Imagine you are descending thousands of feet beneath the surface of the ocean in a submersible. The pressure mounts and it becomes pitch dark. Suddenly, in the distance, you see a flicker of light. As you get closer, you realize it is actually a creature, giving off a bright green light. Then you see what looks like smoke spewing out of vents in the sea floor. This strange, abyssal world was the subject of the Duke Alumni Association education program Exploring Earth’s Inner Space, in which attendees were able to participate from the comfort of a classroom at the Duke University Marine Lab.
Professor of Biology Sönke Johnsen and Ph.D. student Katie Thomas kicked off the weekend with lectures and hand-on activities on bioluminescence, a chemical process that some marine species use to produce light. The class was able to witness the process firsthand during a darkroom session with bioluminescent animals, such as jellyfish and worms. After dinner, Dr. Johnsen and Katie took the class on a boat excursion to collect fish and blue crabs by light trapping and dip netting.
The next morning attention turned to deep-sea exploration and hydrothermal vents, led by Professor of Biological Oceanography Cindy Van Dover and Ph.D. student Phil Turner. Hydrothermal vents form when water in the ocean crust is heated by magma and then escapes into the cold ocean, leaving behind a variety of mineral deposits. Participants learned about the technology used to explore and study the deep-sea, such as the deep submergence vehicle Alvin that Dr. Van Dover has piloted, and about deep-sea mining operations and the negative environmental implications they could have. “The class seemed very interested in the deep-sea mining operations. It’s something much of the general public is not aware of, so hopefully they will be more conscious moving forward” said Dr. Van Dover.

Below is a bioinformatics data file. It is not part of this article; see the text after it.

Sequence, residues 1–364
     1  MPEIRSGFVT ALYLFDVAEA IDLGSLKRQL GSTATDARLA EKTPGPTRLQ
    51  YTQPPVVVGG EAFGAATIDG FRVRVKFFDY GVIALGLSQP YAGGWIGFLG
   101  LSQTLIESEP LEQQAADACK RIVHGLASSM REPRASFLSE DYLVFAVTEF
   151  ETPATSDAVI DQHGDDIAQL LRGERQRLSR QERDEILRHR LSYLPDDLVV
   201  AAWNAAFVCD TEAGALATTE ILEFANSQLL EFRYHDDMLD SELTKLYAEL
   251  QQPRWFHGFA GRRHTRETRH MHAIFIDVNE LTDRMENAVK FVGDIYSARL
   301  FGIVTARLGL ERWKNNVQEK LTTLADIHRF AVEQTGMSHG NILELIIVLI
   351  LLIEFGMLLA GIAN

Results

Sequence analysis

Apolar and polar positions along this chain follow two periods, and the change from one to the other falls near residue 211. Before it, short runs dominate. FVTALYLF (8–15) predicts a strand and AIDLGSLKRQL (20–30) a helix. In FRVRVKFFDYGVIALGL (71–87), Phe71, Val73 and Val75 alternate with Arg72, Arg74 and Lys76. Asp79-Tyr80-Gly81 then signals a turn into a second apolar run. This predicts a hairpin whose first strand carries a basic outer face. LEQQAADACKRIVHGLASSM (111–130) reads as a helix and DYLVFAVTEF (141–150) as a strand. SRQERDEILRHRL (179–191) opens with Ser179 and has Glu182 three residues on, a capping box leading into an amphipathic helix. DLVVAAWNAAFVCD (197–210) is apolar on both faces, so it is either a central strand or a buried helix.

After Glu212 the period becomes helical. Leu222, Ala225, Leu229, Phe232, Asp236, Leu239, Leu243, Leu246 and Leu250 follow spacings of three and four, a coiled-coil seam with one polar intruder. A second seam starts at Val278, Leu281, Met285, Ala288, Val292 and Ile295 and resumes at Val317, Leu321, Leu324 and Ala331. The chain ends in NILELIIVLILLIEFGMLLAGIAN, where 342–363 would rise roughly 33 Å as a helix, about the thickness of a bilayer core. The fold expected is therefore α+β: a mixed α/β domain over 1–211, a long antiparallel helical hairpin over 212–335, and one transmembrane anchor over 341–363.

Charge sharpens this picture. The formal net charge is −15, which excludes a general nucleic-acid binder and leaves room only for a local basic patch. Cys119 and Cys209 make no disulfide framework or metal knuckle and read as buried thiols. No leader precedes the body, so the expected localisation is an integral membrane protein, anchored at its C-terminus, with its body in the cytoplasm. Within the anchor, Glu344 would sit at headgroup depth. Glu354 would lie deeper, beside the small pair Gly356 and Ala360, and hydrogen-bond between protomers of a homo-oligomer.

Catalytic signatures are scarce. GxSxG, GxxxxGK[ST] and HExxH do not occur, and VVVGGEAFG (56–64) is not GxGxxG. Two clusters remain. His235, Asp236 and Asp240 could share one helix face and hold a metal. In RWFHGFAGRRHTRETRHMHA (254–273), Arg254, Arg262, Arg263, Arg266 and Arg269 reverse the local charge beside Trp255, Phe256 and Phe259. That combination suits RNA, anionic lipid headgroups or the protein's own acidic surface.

The weekend activities concluded with a panel discussion with faculty members and PhD students about scientific research, the experiences of Ph.D. students, and life aboard research vessels. To end on a fun and educational note, participants were given the opportunity to invent and draw their own deep-sea creatures. One group invented a fish that had bacteria in its stomach to digest plastics! At the conclusion of the program, Dr. Johnsen said “I was really happy to see how engaged and interested the alumni were in marine life, and how they obviously cared for the future of the ocean and the animals that live in it.”
Opportunities like the DAA Forever Learning programs are a great way for alumni to stay engaged with Duke and learn more about a new topic. Participant Sarah Williams ’75 said, “I enjoyed the Deep Sea Exploration weekend course enormously. I would wholeheartedly recommend marine lab courses to other alums.” If you are interested in learning more about the DAA’s Forever Learning programs, visit https://alumni.duke.edu/programs/forever-learning or contact firstname.lastname@example.org.